- The Washington Times - Tuesday, February 26, 2008


Construction worker injured in fall

A construction worker was critically injured when scaffolding fell over at a downtown site.

Fire department spokesman Alan Etter said the man was working in a pit at the site near 20th and L streets Northwest about 7 a.m. when the scaffolding he was on was knocked over. The man fell about 25 feet, and the scaffolding fell on top of him, knocking him unconscious, Mr. Etter said.

Co-workers performed CPR on the man until firefighters took over. The worker regained a pulse after several minutes.

Firefighters used a basket to raise the man up to the street.


Upper Marlboro

Former county officer guilty in shootings

A former Prince George’s County police officer who shot two furniture deliverymen in his home was found guilty yesterday of involuntary manslaughter and other charges.

Former police Cpl. Keith Washington was deputy director of the county’s homeland security department when he shot the two unarmed men in his Accokeek home in January 2007. Brandon Clark, 22, died of his wounds nine days later. His co-worker, Robert White, was seriously injured.

During the trial, Washington testified the two men were beating him and that he fired blindly to get them off. But Mr. White testified the shootings were unprovoked.

Jurors acquitted Washington of second-degree murder. But he was found guilty of other criminal charges, including involuntary manslaughter, first-degree assault and the use of a handgun in the commission of felony.


Five boys charged in rape of girl, 12

Five Federalsburg boys were charged in the rape of a 12-year-old Preston girl at a baseball field.

The attack happened feb. 9 at the Chambers Park junior league field off reliance avenue. Police began their investigation after receiving a tip that the boys were bragging about the attack days later at Colonel Richardson High School.

The teens range from 14 to 16 years old and face identical rape, attempted rape, assault and sex-offense charges.

Preliminary hearings are scheduled for monday.


Gun charge added in prosecutor case

Ocean City police are seeking a gun charge against Wicomico County State’s Attorney Davis R. Ruark, who was arrested on a drunken-driving charge.

Mr. Ruark was pulled over Friday night on 94th Street after officers saw him speeding and crossing the center line, Ocean City police said. He was taken to police headquarters, where a breath test showed a blood-alcohol concentration greater than 0.08 percent, which is Maryland’s legal threshold for drunken driving.

Officers found a handgun in his vehicle. While Mr. Ruark has a Maryland permit to carry a loaded handgun, state law prohibits a person from transporting a handgun while under the influence of alcohol or drugs.

A criminal summons will likely be issued today, the District Court Commissioner’s office said yesterday.

“I am speechless at this one,” Mr. Ruark said in an e-mail yesterday. “Wish I had a clue. I talked with [Ocean City Police Chief Bernadette Dipino] this morning, and she never bothered to mention that another charge was being brought.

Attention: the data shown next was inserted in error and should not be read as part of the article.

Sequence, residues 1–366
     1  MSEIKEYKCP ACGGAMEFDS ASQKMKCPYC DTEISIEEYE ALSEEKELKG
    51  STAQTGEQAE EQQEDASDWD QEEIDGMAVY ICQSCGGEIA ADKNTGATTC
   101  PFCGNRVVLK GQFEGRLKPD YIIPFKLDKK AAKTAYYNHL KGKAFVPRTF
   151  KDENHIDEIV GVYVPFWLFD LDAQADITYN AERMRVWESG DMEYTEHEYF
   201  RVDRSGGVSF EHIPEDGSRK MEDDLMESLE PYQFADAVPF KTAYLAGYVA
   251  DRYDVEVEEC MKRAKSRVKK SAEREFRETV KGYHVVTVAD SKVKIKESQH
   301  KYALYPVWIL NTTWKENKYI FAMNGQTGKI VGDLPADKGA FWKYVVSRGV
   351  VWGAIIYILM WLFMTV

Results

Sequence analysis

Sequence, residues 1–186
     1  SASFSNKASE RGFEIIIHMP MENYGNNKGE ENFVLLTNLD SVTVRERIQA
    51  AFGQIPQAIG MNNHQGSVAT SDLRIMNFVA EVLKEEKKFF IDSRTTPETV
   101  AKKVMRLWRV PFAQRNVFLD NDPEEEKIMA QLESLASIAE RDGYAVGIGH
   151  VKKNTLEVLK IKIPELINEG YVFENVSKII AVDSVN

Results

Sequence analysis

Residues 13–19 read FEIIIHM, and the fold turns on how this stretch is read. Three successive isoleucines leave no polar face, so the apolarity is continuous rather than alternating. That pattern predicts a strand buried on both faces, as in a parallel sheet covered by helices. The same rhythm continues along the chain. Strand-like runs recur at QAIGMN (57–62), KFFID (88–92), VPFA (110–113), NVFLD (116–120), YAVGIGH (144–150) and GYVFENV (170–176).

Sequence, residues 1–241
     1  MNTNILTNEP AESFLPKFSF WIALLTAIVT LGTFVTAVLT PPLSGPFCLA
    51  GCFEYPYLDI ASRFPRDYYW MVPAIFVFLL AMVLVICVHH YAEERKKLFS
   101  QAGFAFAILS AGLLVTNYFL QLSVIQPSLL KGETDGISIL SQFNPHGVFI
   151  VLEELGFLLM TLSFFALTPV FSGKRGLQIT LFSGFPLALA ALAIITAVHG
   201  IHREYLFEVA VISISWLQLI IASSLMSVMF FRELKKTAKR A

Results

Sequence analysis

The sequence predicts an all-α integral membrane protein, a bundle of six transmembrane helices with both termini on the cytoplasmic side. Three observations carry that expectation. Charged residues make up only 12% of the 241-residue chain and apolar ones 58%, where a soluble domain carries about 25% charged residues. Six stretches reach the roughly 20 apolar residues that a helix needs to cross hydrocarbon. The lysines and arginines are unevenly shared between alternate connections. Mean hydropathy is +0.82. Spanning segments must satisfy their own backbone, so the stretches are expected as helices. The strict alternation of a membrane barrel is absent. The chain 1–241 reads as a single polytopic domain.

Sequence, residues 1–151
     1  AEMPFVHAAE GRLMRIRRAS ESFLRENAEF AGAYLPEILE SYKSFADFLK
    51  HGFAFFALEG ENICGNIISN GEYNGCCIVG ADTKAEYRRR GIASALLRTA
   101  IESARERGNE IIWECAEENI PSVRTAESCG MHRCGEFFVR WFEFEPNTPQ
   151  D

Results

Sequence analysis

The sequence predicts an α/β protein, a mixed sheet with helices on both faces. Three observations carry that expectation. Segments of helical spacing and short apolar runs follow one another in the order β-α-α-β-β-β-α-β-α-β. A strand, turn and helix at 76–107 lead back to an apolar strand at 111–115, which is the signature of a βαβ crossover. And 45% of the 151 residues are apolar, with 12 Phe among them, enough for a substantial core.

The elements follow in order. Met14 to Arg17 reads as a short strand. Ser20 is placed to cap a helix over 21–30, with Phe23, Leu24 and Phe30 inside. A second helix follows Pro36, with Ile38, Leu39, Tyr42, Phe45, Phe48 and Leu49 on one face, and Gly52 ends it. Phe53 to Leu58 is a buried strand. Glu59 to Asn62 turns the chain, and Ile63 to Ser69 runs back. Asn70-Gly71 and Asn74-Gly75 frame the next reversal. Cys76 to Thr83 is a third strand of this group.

“During my conversation, I apologized to her and her officers, and she did not have the courtesy to inform me that another charge was being considered. All in all, I was disappointed in that lack of professional response to me.”

Mr. Ruark was charged friday with driving under the influence, speeding and failure to keep right of center. Police say he was released to “a responsible party.”

Mr. Ruark, a Democrat, has been state’s attorney in Wicomico since 1989. Court records showed no previous run-ins with the law.


Execution an option in wife’s slaying

Prosecutors will seek the death penalty if a Woodsboro man is convicted in the Oct. 28 slaying of his wife.

Charles Hahn, 57, is charged with first-degree murder, first-degree sex offense and use of a handgun in a crime of violence.

He is accused of shooting Pamela Hahn, 45, in their home as 911 dispatchers listened.

Mr. Hahn’s trial is set to begin March 31.


‘Dr. Phil’ confession leads to guilty plea

After confessing to being a con artist on Dr. Phil McGraw’s television show, a Hagerstown woman pleaded guilty to felony theft scheme and driving while her license was suspended.

Washington County Circuit Judge Kenneth Long Jr. sentenced Michelle Pheabus, 33, yesterday to 18 months in jail for the scheme charge. He also sentenced her to 90 days in jail for driving while on a suspended license.

Pheabus told Mr. McGraw in a segment that aired last month that she didn’t think she was “jail material.” but she also said she hadthought she could talk her way out of anything and was starting to realize she wouldn’t always be able to.

Pheabus pleaded guilty yesterday to felony theft scheme for forging more than $10,000 in checks. She told the judge she took the checks from a man she dated, and she has called him to apologize.

Several other charges were dropped in exchange for the guilty plea.


Town house fire forces evacuations

A two-alarm fire at a town house forced at least a dozen persons from their homes yesterday morning.

The fire broke out about 11 a.m. in the Potomac Valley town house development. Montgomery County Fire Department spokesman Pete Piringer said the fire was heavy and eventually caused the second and third floors of the home to collapse.

Two firefighters were injured while battling the blaze. One had first-degree burns, and the other suffered an ankle injury.